That same poll found that fully one-third of Canadians didn’t trust energy companies, governments, academics or environmentalists for facts on the oilsands.

Outside of Canada, such research is harder to find. But Liz Barratt-Brown of the Natural Resources Defense Council in Washington said focus groups in the U.S. — especially after the disastrous BP oil spill in the Gulf of Mexico — suggest that people are starting to associate the oilsands with other, riskier forms of oil extraction such as deep-water drilling.

She said the council’s online opinion research suggests Americans don’t want their economy tied to oilsands oil and would prefer to move to renewable fuels.

“The vast majority believe we can do it and we can do it now.”

Annesley sighs.

“People believe that the clean energy future is just around the corner,” she said.

“It’s a difference between what we believe can be delivered by technology and, given the scope of the technical challenge and the overwhelming growth in energy demand globally, how quickly we’re going to be able to deliver that.”

In an attempt to reach over the public to opinion leaders, the petroleum association has been sponsoring private roundtable discussions in Canadian and U.S. cities.

“We’ve attempted to get a mix of thought leaders from the business community, from NGOs, from First Nations and generally people that we think would be interested in a discussion,” said Bruce Carson, director of the School of Energy and Environment at the University of Calgary. He has been moderating the discussions at CAPP’s request.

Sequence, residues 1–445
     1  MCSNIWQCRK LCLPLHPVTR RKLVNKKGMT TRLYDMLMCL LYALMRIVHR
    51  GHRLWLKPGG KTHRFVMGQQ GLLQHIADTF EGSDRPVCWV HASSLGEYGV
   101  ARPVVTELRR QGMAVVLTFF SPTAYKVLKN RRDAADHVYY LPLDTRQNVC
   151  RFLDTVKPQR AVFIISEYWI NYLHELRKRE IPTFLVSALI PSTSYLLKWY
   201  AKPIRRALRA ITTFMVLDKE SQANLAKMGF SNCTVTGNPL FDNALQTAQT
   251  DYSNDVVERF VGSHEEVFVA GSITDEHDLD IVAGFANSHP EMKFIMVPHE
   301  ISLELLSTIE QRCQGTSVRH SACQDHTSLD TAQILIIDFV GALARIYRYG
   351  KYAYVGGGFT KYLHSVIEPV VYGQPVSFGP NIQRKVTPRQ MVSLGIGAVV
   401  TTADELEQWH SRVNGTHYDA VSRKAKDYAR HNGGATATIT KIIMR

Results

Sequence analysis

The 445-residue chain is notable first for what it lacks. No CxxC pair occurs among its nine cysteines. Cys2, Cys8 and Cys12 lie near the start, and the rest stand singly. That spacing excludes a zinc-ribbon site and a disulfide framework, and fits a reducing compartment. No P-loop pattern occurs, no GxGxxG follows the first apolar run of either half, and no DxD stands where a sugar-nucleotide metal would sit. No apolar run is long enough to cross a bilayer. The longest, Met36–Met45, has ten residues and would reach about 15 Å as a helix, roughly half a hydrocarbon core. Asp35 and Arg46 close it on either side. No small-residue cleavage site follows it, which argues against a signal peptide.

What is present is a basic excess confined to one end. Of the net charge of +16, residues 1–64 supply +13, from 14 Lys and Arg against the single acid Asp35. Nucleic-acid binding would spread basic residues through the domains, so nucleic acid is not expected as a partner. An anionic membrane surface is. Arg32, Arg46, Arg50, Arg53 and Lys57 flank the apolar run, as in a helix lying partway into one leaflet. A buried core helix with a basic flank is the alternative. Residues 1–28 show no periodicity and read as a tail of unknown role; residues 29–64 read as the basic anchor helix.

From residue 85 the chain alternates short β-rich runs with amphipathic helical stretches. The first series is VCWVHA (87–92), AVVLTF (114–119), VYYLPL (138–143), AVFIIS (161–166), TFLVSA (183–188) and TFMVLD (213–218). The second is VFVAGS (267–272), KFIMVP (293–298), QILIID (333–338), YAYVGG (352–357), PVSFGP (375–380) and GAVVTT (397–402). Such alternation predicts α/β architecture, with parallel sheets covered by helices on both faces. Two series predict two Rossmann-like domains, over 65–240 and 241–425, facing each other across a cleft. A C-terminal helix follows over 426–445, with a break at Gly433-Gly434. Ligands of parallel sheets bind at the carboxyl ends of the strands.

“I think the oilsands dialogues are a perfect example of getting out amongst thought leaders with oilsands CEOs and having a frank and honest discussion.”

The environmental lobby is hoping to open new fronts in the coming year.

Marx says Corporate Ethics will try to bring its Rethink Alberta campaign to new countries.

“We felt that Canada is very sensitive to its reputation internationally. (Alberta) really valued its brand and it had no consequences for mismanaging the tarsands. We felt there needed to be consequences. We felt it was important to put their reputation at risk.

“We’re now looking to see what other parts of the world might be appropriate for us because of their tourism dollars in Canada. Perhaps China, perhaps Japan.”

Other environmental groups plan to focus on the financial backers of the oilsands.

“We’ve been talking to the three biggest pension fund managers in the U.K.,” said Charlie Kronick of Greenpeace U.K. “We know all of them are going to the companies and saying, ‘We want to see a much bigger, more pervasive risk assessment.'”

All environmental groups agree their message in 2011 will be that the oilsands are just the start of unconventional hydrocarbon developments that are not only riskier, but keep economies dependent on fossil fuels when they should be looking elsewhere.

“The tarsands as a gateway to unconventionals is the next big battleground — things like oil shale, offshore drilling, basically everything that is a last-ditch attempt to try and feed our global oil addiction,” said Mike Hudema of Greenpeace Canada. “The tarsands is one of the biggest frontiers of that battle.”

Annesley says her association will increasingly have to think beyond Alberta’s borders.

“We’ve been very focused on local stakeholders. We have not reached out beyond those local communities,” she said.

“We were surprised by the intensity of the scrutiny.”

All that scrutiny has led to one positive thing, though.

“We have people’s attention.”

Good Decisions Require Good Data.